HAMPTON, Va. (WAVY) — A Hampton woman is desperately looking for a new place to live.

Kedron Jones survived an abusive relationship and was shot by her ex while driving away from him in the Hampton Roads Bridge Tunnel.

This happened last April and while her wounds have since healed, the shooting has left an emotional toll.

Jones has grappled for months with sharing her story and decided since October is Domestic Violence Awareness Month, it was time, and she hopes to be a voice for others in her situation.

On the morning of April 15, 2023, Virginia State Police responded to a shooting inside the HRBT. Jones’ ex, Mario Blackley, followed her car. When Jones noticed, she drove away from the direction of her townhome through the HRBT. Police say Blackley caught up to her in his vehicle and started firing, blasting out all four windows. One bullet hit Jones in the side and went out her back, narrowly missing her spine. She drove through the tunnel in shock and pulled over, wrapping a jacket around her torso as a tourniquet. A nearby driver helped stop traffic and called 911.

Six months later, Jones’ townhome is packed up in boxes. Her ex, Blackley, turned himself in the day of the shooting and awaits his upcoming trial in a jail cell.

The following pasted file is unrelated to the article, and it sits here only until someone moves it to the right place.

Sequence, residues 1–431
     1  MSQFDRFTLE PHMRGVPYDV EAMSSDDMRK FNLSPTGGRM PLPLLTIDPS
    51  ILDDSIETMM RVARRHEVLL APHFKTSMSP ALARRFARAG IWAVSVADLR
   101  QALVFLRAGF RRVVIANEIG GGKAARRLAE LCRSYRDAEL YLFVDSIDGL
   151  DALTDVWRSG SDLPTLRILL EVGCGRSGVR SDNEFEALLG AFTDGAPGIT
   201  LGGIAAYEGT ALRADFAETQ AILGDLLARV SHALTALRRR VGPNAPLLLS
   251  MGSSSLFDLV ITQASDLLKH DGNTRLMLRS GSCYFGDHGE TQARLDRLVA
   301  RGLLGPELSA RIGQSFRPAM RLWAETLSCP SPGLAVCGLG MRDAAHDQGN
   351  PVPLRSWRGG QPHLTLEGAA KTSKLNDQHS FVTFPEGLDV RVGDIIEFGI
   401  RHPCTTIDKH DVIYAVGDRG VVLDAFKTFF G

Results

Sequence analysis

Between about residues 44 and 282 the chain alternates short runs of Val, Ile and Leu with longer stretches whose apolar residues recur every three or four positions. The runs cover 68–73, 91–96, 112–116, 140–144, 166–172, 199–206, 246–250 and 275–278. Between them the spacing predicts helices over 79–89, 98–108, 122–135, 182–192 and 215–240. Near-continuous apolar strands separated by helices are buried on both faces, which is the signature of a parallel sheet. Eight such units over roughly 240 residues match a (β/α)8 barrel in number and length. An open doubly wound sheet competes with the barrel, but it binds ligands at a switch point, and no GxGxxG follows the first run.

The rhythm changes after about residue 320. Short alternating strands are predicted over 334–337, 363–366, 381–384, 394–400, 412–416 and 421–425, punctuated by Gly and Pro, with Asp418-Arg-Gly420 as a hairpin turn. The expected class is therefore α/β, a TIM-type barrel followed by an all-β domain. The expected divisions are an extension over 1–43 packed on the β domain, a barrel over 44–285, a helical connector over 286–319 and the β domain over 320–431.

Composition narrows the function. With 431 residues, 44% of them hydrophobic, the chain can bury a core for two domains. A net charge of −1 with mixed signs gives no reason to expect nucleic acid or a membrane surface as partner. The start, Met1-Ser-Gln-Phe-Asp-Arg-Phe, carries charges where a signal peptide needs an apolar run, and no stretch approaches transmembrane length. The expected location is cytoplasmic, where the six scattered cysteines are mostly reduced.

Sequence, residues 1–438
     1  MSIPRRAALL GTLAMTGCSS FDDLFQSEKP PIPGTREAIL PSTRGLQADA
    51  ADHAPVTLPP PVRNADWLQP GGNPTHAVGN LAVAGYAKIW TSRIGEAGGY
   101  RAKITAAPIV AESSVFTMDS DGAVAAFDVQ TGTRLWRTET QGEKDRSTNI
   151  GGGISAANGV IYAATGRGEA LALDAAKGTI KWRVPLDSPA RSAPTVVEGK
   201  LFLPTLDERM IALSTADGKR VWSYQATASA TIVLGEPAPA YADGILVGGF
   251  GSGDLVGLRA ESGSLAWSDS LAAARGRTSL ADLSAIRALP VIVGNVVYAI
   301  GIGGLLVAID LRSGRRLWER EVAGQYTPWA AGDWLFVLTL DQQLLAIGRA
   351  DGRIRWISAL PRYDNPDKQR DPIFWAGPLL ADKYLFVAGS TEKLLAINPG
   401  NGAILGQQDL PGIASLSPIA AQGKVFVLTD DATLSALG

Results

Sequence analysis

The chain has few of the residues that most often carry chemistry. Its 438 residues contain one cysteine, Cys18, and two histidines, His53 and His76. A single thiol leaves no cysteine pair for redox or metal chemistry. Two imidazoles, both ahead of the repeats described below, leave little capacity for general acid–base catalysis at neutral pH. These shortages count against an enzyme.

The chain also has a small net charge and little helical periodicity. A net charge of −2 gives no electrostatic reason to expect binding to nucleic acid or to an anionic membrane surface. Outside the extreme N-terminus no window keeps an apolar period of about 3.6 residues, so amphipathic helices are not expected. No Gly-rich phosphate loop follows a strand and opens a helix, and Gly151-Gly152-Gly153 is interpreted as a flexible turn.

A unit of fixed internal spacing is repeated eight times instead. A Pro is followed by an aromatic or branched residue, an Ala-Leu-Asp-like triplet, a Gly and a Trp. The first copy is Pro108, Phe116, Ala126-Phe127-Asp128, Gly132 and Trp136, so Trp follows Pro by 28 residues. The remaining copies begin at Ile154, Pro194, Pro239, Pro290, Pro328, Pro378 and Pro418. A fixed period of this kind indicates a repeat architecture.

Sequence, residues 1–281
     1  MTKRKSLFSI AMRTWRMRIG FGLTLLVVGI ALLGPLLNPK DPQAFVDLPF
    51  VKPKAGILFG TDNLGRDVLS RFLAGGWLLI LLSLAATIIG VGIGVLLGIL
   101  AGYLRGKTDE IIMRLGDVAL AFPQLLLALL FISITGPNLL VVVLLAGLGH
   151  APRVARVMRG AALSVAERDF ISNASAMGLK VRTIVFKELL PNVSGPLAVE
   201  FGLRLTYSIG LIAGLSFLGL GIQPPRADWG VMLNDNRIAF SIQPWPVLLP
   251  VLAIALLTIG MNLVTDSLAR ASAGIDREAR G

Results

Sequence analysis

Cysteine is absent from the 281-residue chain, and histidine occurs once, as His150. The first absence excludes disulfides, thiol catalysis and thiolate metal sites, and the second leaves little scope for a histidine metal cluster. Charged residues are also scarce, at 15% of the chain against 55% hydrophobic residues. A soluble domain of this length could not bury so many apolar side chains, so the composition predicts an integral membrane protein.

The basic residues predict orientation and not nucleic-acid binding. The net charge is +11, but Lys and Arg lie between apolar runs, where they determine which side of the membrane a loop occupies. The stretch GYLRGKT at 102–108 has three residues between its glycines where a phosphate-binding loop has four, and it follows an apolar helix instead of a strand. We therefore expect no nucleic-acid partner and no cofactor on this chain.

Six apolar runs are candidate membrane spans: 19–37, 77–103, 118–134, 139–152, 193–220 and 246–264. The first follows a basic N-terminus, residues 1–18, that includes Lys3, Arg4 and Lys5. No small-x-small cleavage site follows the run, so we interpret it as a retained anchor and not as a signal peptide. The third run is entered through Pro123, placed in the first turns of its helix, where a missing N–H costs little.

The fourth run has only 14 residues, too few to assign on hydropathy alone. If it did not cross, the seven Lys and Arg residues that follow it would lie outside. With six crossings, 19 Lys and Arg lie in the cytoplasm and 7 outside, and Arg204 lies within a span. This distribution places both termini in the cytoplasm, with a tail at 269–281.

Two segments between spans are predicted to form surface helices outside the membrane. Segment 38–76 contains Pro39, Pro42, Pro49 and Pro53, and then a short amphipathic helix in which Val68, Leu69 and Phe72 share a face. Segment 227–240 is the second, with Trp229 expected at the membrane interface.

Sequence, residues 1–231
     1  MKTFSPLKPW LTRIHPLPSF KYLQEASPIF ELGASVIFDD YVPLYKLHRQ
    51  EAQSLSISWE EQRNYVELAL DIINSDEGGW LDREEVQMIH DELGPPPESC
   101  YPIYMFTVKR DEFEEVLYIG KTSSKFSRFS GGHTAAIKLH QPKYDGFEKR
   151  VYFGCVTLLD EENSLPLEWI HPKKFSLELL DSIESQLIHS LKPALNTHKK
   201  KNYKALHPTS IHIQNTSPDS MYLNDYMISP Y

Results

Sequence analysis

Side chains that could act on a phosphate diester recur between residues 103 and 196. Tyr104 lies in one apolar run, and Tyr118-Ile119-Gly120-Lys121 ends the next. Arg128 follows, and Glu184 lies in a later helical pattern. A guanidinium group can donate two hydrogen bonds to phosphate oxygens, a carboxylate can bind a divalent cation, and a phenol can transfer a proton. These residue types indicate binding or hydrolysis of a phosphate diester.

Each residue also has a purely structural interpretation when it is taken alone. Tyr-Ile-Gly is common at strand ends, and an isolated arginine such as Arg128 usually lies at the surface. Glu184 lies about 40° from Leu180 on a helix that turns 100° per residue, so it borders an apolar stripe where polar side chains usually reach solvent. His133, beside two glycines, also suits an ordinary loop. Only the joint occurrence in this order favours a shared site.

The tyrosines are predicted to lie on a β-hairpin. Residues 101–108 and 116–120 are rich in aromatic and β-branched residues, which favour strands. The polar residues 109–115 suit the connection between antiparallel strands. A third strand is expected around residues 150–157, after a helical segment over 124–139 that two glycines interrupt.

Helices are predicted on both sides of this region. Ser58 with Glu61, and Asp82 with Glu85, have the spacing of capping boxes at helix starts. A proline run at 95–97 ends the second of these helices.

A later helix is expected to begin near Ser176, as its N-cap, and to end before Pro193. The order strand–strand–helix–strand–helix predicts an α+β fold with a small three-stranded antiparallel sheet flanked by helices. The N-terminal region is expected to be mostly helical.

“He could never get a grip on his anger,” Jones said.

Two years earlier, Blackley kicked out Jones and their children in a fit of rage. That’s when Jones moved into her townhome down the street.

Jones used up her FMLA and 30-day extension to recover from her injuries, and now that she has, the longer she stays in her townhome, the worse her PTSD becomes. He ex only lived two minutes away. Every time she steps outside or drives around her neighborhood, the debilitating trauma instantly comes back.

“It makes me have this eerie feeling,” Jones said. “I don’t feel safe here. I don’t feel safe here. I don’t feel comfortable here.”

Jones told 10 On Your Side she’s reached out to many organizations and shelters to find new housing. She’s been denied or waitlisted since she’s not in immediate danger. Her lease has run out, and with each day come more late fees. Staying in her current home and reliving the trauma is affecting her ability to work and start over with her three children. Before the shooting, Jones worked as a leasing agent and is more than familiar with the housing process.

“For the domestic violence victims that are in my situation, what happens? What happens? Where is the solution? I’ve been trying to reach out to everyone,” Jones said. “I even sent an email to HUD directly asking for assistance. They directed me to the housing crisis hotline. Everyone’s directed me to the housing crisis hotline.

“I’ve called the housing crisis hotline and they’re very helpful, but it’s the system and how this process works that’s cutting out those individuals that aren’t fleeing or running. I’m trying to hold it together for my kids, but I know in order for us to move past this and start our healing, we have to begin with our home, our structure, our foundation.”

Jones hopes her story encourages others to seek help and never give up hope.

“This affected every aspect of my life, every aspect,” Jones said.

Jones has been working for Instacart to help pay for housing application fees and everyday expenses. She’s open to relocating anywhere within Hampton Roads.